5. You look for opportunities to teach life skills.

When your firstborn calls home his freshman year to ask how to run the washing machine, you realize you need to do a better job teaching basic life skills to your subsequent child(ren).

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Start now—the earlier, the better. Teach your children how to sort laundry and measure detergent. Teach basic car care and cooking skills. As I mentioned above, explain how to manage a credit card and maintain a monthly budget. Have him schedule his own haircuts and dentist appointments. And, of course, feel free to capitalize on the concept to get chores done at home. “Honey, you’d better practice vacuuming. It’s a life skill you’ll need at college.”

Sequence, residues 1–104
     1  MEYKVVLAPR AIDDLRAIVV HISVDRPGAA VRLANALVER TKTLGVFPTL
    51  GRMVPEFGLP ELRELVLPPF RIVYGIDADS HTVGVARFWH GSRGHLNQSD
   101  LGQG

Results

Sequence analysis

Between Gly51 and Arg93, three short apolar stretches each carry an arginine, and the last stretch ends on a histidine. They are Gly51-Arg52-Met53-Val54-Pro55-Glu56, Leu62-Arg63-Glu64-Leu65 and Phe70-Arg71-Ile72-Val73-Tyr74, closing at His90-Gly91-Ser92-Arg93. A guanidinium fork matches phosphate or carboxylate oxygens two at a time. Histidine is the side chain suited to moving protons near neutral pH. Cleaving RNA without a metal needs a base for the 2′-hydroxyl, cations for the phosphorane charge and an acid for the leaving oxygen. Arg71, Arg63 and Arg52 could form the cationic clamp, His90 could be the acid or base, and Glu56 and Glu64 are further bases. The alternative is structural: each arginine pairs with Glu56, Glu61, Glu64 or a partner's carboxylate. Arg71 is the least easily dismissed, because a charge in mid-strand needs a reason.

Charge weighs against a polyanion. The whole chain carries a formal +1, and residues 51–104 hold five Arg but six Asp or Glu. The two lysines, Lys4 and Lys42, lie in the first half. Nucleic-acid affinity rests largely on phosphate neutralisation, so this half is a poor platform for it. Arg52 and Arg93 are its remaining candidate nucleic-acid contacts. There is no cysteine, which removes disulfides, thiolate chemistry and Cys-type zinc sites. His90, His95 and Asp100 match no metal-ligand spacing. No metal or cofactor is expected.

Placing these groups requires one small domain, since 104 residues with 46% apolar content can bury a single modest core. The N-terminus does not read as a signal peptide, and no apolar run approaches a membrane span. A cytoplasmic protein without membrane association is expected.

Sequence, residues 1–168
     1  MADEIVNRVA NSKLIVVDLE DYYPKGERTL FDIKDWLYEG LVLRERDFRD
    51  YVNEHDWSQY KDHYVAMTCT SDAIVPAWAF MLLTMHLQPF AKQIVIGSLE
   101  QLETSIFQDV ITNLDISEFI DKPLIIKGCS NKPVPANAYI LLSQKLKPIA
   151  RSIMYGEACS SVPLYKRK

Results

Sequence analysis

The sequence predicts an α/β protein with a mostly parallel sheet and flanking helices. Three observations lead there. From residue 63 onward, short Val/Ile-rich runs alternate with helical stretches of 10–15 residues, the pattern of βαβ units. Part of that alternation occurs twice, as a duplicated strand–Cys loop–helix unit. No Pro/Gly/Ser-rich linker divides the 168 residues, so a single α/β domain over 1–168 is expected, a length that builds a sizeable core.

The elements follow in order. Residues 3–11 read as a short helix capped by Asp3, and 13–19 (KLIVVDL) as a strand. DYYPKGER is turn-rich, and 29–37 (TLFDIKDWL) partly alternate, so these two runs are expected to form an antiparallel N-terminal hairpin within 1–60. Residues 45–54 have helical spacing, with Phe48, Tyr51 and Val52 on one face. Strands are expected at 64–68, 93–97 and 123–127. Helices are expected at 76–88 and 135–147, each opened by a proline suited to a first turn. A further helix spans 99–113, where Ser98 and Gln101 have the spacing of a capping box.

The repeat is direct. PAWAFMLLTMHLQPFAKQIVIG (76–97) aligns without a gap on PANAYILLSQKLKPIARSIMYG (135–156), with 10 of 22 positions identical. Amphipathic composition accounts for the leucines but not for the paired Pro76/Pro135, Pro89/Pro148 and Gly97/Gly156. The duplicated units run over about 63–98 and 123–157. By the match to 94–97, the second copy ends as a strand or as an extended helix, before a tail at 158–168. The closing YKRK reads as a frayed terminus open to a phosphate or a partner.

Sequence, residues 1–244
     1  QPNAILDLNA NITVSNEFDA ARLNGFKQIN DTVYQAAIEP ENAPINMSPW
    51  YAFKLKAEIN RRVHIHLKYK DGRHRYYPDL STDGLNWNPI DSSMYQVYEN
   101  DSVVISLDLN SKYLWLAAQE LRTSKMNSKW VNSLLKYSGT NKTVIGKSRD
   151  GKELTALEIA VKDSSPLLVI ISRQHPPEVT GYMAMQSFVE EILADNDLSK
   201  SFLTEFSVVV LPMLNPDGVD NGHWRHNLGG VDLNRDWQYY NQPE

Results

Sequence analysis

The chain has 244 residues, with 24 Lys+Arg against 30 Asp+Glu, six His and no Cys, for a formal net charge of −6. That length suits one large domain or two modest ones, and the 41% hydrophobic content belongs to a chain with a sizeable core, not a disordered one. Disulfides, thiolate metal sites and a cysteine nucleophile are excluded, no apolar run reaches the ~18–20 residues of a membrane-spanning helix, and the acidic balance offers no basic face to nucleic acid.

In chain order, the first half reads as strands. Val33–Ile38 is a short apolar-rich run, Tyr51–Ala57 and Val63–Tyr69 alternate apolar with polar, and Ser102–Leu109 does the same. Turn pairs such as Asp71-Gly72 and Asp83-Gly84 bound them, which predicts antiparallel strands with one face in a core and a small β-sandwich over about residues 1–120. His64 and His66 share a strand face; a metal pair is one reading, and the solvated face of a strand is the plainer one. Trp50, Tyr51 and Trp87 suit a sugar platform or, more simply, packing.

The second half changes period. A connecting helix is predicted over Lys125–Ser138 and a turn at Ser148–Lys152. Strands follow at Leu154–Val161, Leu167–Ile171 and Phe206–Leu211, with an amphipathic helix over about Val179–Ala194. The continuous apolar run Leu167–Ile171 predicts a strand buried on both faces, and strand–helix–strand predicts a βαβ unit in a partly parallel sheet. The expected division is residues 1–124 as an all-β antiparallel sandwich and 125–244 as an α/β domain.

6. You take advantage of resources.

When the first one launches, you’re overwhelmed. But by the time #2 is ready to launch, you know a thing or two about what to expect. You’ve taken a handful of tours. You’ve purchased twin extra-long sheets. You can navigate your way around the online parent portal. You’ve read a book or two on parenting teens and college students. While you may not have the Dean of Student’s number on your cell phone, you do know how you’d reach the office in the event of an emergency. You learned this and other useful tips at your parent orientation session. As an experienced parent, you know orientation is a not-to-miss component of the launch, designed to help both parents and students experience a smooth transition and a successful first year.

7. You realize quickly, you’re still the parent.